Cedar apple rust and arborvitae

Asked October 16, 2020, 8:29 PM EDT

I have 6 apple trees and am unsure if arborvitae (specifically green giant) would be a host for the apple cedar rust galls since they have a foliage like junipers. I don't want to destroy my apple trees, but I want to create a screen about 25 feet from the apple trees. Any help would be appreciated!

Livingston County Michigan

1 Response

Hello,

Plants now called arborvitae, Thuja occidentalis and Thuja plicata, were once commonly called types of cedars, though they are not true cedars. The Thuja genus plants do not host rust diseases. The issue with arborvitae is they are a favorite food of deer, and they have some pests and diseases to monitor, though these do not affect apples.

http://hort.uconn.edu/detail.php?pid=501

http://hort.uconn.edu/detail.php?pid=500

Another consideration is mature size- depending on how they are sited, you don’t want your screen to shade your apple trees when they become tall.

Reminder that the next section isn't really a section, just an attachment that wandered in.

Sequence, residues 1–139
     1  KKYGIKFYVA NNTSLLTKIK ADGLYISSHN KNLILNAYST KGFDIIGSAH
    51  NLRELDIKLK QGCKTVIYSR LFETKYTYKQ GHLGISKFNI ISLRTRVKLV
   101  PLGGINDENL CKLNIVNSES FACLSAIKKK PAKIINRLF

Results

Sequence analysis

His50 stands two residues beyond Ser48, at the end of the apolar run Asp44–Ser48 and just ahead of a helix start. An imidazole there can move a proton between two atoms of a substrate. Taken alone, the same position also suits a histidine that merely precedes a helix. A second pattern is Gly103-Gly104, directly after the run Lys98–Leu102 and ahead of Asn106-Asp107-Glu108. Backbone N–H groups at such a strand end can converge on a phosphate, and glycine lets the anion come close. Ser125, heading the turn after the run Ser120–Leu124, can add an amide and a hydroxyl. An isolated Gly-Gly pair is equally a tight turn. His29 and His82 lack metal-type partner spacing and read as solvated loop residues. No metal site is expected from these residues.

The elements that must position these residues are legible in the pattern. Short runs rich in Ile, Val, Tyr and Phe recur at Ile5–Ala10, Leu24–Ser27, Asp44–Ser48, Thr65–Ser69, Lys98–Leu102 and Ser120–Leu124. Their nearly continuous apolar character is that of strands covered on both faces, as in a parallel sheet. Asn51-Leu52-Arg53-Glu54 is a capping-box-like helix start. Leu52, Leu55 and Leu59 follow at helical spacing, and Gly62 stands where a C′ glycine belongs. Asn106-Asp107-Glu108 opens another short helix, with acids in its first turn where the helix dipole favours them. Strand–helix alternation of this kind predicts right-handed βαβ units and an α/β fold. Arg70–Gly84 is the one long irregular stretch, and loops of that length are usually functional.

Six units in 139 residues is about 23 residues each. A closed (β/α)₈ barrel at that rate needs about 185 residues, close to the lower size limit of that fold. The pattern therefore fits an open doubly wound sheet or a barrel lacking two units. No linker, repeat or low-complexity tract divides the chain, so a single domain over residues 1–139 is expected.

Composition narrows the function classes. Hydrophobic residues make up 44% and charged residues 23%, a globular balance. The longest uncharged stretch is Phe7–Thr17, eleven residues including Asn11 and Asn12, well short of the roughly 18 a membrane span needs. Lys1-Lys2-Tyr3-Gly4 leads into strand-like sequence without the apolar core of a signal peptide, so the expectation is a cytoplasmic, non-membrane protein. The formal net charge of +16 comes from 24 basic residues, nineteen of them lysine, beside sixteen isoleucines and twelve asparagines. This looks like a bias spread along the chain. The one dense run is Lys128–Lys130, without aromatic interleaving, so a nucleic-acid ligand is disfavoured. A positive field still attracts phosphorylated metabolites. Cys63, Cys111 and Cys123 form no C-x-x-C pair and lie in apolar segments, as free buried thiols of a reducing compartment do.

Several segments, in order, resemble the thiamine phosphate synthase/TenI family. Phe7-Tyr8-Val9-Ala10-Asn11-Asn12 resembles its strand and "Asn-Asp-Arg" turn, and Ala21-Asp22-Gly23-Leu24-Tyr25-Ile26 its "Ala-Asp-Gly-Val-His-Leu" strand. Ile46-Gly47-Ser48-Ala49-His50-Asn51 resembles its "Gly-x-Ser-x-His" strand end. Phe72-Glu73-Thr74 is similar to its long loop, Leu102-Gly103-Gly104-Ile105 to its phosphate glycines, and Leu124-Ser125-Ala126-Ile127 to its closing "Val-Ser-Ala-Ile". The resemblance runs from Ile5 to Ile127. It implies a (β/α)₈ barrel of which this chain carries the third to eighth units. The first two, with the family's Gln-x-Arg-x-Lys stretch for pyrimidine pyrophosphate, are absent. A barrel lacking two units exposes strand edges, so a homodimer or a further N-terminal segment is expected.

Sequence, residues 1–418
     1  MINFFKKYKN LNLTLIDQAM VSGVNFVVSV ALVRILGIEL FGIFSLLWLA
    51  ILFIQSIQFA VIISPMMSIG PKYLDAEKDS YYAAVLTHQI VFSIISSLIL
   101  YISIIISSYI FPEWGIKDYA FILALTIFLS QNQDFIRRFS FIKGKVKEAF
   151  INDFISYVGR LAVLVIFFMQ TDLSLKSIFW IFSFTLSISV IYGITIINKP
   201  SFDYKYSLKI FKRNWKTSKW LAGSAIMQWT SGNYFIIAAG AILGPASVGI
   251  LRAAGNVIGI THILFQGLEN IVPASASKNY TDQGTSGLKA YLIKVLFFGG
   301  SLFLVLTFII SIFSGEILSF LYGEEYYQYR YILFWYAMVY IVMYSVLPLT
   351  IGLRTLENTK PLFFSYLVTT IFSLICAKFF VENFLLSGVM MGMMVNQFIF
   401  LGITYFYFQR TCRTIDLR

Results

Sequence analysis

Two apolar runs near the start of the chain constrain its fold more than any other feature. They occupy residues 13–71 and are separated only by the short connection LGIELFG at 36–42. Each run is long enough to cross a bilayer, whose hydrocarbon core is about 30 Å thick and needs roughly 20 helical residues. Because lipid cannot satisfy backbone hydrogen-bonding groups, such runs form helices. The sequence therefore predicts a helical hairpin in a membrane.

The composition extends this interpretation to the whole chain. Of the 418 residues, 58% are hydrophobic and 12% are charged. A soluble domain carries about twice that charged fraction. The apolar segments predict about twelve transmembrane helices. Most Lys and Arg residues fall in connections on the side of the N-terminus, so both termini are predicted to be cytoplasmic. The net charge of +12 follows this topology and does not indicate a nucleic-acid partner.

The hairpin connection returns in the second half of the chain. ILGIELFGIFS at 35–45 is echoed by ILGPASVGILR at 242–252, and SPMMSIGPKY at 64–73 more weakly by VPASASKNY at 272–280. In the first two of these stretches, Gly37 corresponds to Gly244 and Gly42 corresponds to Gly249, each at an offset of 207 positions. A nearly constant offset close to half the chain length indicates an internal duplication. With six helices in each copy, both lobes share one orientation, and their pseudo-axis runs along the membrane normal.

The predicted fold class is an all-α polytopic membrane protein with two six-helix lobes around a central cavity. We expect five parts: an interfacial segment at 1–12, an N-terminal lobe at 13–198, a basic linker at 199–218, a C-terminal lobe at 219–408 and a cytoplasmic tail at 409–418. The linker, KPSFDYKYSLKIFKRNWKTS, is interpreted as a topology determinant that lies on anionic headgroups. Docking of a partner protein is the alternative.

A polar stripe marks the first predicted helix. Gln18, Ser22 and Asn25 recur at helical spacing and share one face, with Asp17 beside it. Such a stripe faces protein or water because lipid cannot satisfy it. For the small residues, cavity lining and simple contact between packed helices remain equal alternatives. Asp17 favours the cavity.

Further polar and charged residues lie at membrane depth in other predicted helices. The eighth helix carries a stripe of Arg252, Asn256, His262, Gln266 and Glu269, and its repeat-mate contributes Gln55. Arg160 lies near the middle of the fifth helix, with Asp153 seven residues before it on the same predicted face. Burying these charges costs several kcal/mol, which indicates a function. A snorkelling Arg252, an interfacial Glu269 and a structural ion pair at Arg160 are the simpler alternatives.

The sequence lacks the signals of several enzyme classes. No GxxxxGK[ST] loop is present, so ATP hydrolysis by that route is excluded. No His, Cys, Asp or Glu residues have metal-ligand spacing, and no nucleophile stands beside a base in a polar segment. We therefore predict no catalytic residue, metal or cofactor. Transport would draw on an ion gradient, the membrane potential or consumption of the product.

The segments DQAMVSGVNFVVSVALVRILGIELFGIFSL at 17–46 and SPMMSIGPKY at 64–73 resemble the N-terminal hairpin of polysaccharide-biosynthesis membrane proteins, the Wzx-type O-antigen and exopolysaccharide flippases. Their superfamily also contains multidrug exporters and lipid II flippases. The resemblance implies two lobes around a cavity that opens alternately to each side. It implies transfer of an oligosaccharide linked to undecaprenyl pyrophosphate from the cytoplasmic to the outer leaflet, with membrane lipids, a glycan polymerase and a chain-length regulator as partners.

There are other evergreens to use in hedges, and planting a variety is recommended so that in future, if a disease or pest wipes out a species, the whole hedge isn’t lost. Black Hills spruce and Canadian hemlock are examples of plants for wind screens. Again, mature size is a consideration as are the other growing requirements such as soil pH and moisture.

Rust spores can travel on wind several hundred yards, so you still need to monitor your apple trees. Rust diseases are hosted by Juniperus genus, such as eastern red cedar, Rocky Mountain juniper, and Chinese junipers. Here is a detailed discussion of the four rust diseases:

https://extension.umn.edu/plant-diseases/cedar-apple-rust#managing-rust-on-juniper-and-eastern-red-c...

More References-https://www.agriculture.purdue.edu/agcomm/newscolumns/archives/ITG/2005/May/050505ITG.htm

https://www.canr.msu.edu/hrt/uploads/535/78626/cedars.pdf

https://extension.psu.edu/using-trees-and-shrubs-for-privacy-and-wind-screening